Is it racist to demand that immigrants have a basic level of English before entering this country? Liam Quinn is offended at that suggestion, and 97% of Britons agree.
In last week’s newspapers there was an article about a 58 year old Indian man who wanted to move to Britain to be with his wife.
The article created a storm in a tea-cup because the aforementioned man could not speak basic English. The topic was brought up on some dreary BBC Sunday morning show at the weekend. The BBC ran a poll “Should immigrants be forced to learn basic English before coming to Britain” (or something to this effect). The results were quite shocking. 97% voted Yes.
Whilst I am not shocked that the public was in support of the idea, the overwhelming majority did surprise me. So why is the topic controversial? Mrs Chapti claims that the decision to not allow her husband into Britain is “racist” and is against her human rights.
I totally disagree with her comments, whilst it is easy to jump on this case and claim anybody who agrees that they should be separated is cruel, fascist or racist is a symptom of what is wrong with modern day Britain. Any conversation on immigration and integration has become taboo. If politicians speak out, they are shunned by the press and told to be careful in future with their words.
Immigrants should have to learn a basic level of English. The most important benefit is to the immigrant themselves; imagine moving to a new country and not being able to communicate with anybody other than the people you already know? If they don’t know English before arriving they risk isolating themselves and causing tensions in the community. If they are unable to speak English they are failing to add any value to the UK’s economy or culture which part of the new immigration points system for those coming from outside of the EU. I have no problem with immigration at all and would be offended if somebody read into this in that manner, but basic English should be part of the pre-requisites of immigration to Britain.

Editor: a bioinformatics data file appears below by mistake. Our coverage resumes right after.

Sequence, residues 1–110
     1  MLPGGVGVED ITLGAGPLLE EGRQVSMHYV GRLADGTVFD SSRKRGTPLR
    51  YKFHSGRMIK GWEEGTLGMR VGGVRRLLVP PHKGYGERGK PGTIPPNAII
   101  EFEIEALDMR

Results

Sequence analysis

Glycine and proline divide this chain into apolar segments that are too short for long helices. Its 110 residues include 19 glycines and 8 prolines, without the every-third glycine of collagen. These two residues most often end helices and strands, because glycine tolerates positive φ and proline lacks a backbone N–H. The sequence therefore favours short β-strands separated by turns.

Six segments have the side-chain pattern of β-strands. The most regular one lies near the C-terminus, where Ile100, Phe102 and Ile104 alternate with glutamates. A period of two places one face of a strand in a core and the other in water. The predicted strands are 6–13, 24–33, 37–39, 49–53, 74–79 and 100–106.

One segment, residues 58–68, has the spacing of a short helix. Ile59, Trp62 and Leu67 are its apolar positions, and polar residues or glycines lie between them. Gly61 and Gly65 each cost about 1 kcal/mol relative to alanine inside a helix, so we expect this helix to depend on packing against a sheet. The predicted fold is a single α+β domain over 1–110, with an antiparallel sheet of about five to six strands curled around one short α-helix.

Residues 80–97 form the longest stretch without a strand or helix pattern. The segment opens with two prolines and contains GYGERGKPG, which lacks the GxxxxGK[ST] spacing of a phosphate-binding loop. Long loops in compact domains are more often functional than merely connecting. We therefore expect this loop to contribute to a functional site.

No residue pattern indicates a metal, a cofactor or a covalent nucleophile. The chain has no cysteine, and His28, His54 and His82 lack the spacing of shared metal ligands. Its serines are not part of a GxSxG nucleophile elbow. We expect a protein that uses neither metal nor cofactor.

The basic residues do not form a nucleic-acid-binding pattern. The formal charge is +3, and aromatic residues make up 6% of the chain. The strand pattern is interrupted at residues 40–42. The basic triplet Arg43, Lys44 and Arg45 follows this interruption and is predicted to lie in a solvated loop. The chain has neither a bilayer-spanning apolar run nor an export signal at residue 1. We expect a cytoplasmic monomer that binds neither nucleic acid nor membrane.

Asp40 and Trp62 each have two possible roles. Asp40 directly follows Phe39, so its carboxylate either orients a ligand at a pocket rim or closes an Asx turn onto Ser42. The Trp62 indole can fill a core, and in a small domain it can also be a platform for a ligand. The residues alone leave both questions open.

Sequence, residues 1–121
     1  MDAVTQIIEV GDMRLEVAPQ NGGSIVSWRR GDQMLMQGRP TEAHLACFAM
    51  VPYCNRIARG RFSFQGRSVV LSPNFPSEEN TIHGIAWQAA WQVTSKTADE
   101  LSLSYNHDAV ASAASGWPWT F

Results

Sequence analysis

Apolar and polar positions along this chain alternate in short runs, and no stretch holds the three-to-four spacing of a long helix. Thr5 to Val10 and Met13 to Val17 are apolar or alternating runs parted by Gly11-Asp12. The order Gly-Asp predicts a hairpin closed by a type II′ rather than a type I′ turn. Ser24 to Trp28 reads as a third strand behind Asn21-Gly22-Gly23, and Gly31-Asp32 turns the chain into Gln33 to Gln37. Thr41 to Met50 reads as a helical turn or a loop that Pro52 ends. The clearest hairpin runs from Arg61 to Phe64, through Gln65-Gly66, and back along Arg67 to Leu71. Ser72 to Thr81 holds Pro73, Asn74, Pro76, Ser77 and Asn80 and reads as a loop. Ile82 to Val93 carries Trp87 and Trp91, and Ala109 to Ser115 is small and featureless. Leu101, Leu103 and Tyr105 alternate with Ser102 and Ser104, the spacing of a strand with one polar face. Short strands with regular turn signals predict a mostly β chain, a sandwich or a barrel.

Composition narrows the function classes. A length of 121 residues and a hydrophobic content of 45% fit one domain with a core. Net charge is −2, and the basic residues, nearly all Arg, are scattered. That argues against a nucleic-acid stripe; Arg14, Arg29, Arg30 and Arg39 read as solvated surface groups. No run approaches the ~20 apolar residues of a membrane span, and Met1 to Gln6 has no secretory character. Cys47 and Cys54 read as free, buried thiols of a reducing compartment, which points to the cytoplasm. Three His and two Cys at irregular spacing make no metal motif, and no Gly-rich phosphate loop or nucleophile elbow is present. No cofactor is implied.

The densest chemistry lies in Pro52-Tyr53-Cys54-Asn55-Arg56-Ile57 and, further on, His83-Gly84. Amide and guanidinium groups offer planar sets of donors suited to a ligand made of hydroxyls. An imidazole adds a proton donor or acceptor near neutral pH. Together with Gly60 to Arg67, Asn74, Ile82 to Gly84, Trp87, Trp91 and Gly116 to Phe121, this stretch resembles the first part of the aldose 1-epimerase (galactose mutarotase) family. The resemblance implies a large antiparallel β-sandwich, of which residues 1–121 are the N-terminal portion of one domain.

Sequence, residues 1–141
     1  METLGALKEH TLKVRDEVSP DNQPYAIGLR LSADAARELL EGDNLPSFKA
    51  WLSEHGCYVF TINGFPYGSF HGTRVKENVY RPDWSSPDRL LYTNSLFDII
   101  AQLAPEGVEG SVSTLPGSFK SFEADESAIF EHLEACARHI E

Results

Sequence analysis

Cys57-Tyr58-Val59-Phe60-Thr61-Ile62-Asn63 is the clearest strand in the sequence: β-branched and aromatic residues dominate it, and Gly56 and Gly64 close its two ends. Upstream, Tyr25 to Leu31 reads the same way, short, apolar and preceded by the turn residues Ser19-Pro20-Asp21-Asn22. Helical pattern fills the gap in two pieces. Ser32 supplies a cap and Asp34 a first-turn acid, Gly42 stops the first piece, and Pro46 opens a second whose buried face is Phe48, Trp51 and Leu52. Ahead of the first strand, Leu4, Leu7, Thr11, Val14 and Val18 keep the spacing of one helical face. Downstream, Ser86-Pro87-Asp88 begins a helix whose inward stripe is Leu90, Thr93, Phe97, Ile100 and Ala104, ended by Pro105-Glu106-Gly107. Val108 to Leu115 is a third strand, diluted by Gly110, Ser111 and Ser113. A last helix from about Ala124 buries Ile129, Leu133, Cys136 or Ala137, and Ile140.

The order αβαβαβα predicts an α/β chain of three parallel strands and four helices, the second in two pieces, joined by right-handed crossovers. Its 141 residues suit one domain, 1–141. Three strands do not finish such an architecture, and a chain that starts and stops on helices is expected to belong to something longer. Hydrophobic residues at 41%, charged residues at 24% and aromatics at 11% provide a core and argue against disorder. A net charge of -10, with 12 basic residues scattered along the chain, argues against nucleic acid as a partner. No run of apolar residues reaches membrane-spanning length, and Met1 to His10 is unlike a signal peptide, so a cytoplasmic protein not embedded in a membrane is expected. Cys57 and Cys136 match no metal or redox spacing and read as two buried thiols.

“Real communities are bound by common experiences forged by friendship and conversation, knitted together by all the rituals of the neighbourhood, from the school run to the chat down the pub. And these bonds can take time,” – David Cameron on multiculturalism earlier this year. Breaking down the language barrier is a step to achieving real communities once again.
One quick response to this issue was “What about English people living abroad?” I firmly believe we shouldn’t have double standards and ex-pats should learn basic language skills, however it is easier to get by with English as a first language. This isn’t hypocritical, it is just common sense.